You can see in the photo the referee is at 3 seconds and I'm still trying to get my left foot in.

I get clipped in just as she says "go" and power off without even starting my Garmin.

No distance, time, or average speed info to use for pacing. My legs felt good but lacked that extra spark that makes great performances. About 2/3s on the way out I feel the wind pick up at my back. This means the return portion of the TT is going to be extra painful. I turn around and head back in and began the struggle against the wind and the pain. With about 3 miles to go my legs are absolutely screaming at me and everything in my body wants to stop fighting and get out of the aero tuck. My teammate Kurt who is a TT master (and current 45-49 State Champ!!) says that if by the end of the TT you don't hate the bike so much you want get off and hurl it across the road you haven't gone hard enough. I was there but I made it to the finish using everything I had in me. Its rewarding just to know you couldn't have given it any more.

I don't know if pictures can accurately depict the relief and exhaustion you feel after you cross the line. The ride was good enough for a 59:16 which was 5th on the day. 1 goal met, 1 goal missed. Something to aim for next year. Time to start training.

Sunday TTT report to follow.

Friday, August 7, 2009

Moment of Truth

So this race season is my second race season but the first season that I came in with experience to make educated goals. After racing last season as a Cat 5 it was time to prove myself with some results as a Cat 4. My goals for 2009 were good overalls in 3 stage/omnium races that contained TTs and a top 5 in the State TT.

The first race was the Alsatian omnium in Castroville. It started with a win in the TT and 7th overall. The second race was the Fayetteville Stage Race. I finished in the pack on the first road stage. Then completely stunk up the TT with the worst TT I have ever had. I lost a lot of time in the area that I normally gain time. Then on the third and final road stage I broke a spoke and DNF'd. The third and final targeted race was an experience in climbing in Fort Davis. I limited my losses on the hill climb stage and then powered to 6th on the TT placing my high in the GC. On the final epic road stage I blew up on the second set of climbs finishing 22nd and had to settle for 16th in the GC.

It has been a mixed bag this year. I stopped racing in May due to the heat and since I'm not a Crit guy started training for the State TT. This is a lot of time to dedicate to this race but its the biggest event on my calendar. I want to top 5 and do a time in the 58:30 time range. Last weekend I did a local TT series and did a 58:30 on the State TT course. Tomorrow, I find out if my legs have the stuff to finish the season with a bang. It's the moment of truth.

Sunday, August 2, 2009


One beautiful thing about bicycles is their simplicity. Admire a $15,000 dollar race machine with its specially crafted carbon fiber tubing made to be aero, stiff, and light. Add to it carbon fiber wheels that are wind tunnel tested to smooth the airflow around them and ceramic bearings to reduce rolling resistance. And finally, add a tiny computer mounted on the bike giving precise real time data on the elevation, power, heart rate, and many other measurements to analyze a rider and the ride. Still, there is a core of simplicity inside all this technology.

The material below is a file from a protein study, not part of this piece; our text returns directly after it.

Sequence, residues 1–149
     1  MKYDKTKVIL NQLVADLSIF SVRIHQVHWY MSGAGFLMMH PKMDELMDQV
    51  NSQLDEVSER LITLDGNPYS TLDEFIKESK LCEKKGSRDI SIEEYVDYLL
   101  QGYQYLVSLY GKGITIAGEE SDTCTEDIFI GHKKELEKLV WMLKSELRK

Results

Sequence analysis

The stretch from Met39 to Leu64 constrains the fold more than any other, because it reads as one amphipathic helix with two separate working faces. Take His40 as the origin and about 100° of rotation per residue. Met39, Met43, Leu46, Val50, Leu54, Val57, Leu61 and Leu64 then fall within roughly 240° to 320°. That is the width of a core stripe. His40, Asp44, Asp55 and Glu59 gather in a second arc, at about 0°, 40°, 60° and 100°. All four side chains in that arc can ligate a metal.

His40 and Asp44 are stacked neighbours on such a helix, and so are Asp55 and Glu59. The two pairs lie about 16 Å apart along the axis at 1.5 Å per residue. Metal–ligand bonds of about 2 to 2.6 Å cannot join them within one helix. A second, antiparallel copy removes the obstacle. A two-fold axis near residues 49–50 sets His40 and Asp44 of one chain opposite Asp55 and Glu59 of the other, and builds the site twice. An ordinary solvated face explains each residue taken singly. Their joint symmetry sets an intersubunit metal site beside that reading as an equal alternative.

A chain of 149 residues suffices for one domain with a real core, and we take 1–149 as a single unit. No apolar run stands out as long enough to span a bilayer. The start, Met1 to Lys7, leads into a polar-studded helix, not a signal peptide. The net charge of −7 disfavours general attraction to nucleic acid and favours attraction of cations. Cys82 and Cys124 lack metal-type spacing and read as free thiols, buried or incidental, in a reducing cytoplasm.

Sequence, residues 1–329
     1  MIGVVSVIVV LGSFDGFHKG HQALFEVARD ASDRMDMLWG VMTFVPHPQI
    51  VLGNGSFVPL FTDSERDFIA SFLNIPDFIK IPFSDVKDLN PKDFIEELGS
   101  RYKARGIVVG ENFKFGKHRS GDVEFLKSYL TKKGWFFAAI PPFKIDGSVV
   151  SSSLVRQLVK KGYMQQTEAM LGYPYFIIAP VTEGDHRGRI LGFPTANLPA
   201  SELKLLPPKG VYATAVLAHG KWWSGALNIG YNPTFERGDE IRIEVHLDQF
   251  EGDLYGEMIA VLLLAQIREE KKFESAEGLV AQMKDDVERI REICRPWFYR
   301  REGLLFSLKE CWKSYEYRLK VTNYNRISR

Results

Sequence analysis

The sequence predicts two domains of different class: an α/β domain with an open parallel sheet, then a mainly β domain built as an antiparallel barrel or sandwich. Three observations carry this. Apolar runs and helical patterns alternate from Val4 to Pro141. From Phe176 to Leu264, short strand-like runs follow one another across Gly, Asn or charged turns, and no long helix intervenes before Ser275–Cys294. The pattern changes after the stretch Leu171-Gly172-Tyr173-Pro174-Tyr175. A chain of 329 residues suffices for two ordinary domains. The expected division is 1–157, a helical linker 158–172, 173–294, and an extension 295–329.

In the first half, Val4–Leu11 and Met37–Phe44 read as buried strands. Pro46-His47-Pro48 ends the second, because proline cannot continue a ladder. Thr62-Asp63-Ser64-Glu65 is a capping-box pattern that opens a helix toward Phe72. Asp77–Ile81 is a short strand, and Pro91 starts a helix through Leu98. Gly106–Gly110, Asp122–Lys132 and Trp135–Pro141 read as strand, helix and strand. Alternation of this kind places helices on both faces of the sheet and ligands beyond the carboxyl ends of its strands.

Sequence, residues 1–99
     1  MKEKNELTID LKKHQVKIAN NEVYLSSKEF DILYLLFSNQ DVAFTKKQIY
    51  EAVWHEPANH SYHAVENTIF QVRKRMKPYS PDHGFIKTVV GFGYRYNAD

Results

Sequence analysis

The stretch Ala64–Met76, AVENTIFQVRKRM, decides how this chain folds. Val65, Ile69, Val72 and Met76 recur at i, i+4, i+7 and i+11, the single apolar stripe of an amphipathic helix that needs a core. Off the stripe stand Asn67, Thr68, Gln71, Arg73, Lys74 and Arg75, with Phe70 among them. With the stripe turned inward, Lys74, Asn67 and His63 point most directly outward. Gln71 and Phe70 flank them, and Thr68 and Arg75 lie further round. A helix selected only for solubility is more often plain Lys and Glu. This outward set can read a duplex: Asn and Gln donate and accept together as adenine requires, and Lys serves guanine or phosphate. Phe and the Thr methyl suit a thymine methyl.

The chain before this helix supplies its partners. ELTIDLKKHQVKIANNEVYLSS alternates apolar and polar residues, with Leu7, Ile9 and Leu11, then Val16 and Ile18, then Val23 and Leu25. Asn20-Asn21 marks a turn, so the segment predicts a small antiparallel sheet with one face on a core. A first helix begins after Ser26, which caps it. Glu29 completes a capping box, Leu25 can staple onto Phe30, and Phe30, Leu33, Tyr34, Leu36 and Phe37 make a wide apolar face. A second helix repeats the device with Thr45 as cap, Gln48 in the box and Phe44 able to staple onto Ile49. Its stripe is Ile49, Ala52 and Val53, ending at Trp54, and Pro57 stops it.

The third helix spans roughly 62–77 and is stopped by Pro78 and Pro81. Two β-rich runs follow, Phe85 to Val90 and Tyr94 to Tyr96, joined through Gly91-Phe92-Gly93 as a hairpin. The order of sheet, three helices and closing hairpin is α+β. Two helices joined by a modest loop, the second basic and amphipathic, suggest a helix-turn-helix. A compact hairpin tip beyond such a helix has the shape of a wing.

I can still take apart a bicycle to its basic pieces. This is ultimately the heart of simplicity. That these pieces can be reassembled with a few tools into a vessel that is powered and controlled by your physical self to reach great speeds and distances. This is what attracts me to more than just the physical benefits of riding and racing. It's the love for the simplicity and fascination with tinkering and improving. It is amazingly satisfying to know you can fix almost any problem you encounter with a bike.

My latest project has been an exploration in simplicity. My fixie. No shifters or derailleurs, it is the essence of simplicity. Its only purpose is to cruise and look sexy. No worries about it being the lightest and fastest. Simply, be sexy and unique. Fixies are a wonderful expression of creativity and individuality. My fixie has gone through 3 phases already and I think it has reached supermodel status, very sexy.

I love track bars. I think they have a great allure to them. First build was with track bars but for an urban cruiser they are extremely impractical. Someday I hope to have a full on track bike which I will mount those sexy bars on.


I then went to bullhorn bars which are extremely fun for a fixie that you cruise around on. I originally set it up in true fixie style without brakes, cool but not practical. Again, this will have to wait for the track bike some day.


Finally, I added brakes and I have to say I love this bike. It is a lot of fun to cruise to the corner store or get together with the guys and ride downtown to find some tiny watering hole. Mad love to Gunnar for their sexy Street Dog steel fixie frame. It is truly simplicity at its best

Saturday, August 1, 2009


Sorry for the lack of timely post. The job has been making significant demands on my time.

Food is an important part of any endurance athlete's life. It is a careful balance of eating the right food to maintain your strength while remaining lean.

Fortunately or unfortunately, I love to eat. However it can be my kryptonite because two of my favorite things are ice cream and all things breakfast. This past weekend I indulged both my weaknesses. There is a local favorite Celito Lindo that serves traditional interior Mexican food and is a breakfast favorite. Delicious but not the most healthy.

a plate of chips with creamy bean sauce, chorizo, cheese, avocado, and a side of eggs.

The other indulgence was homemade ice cream but for more on that visit my wife's blog at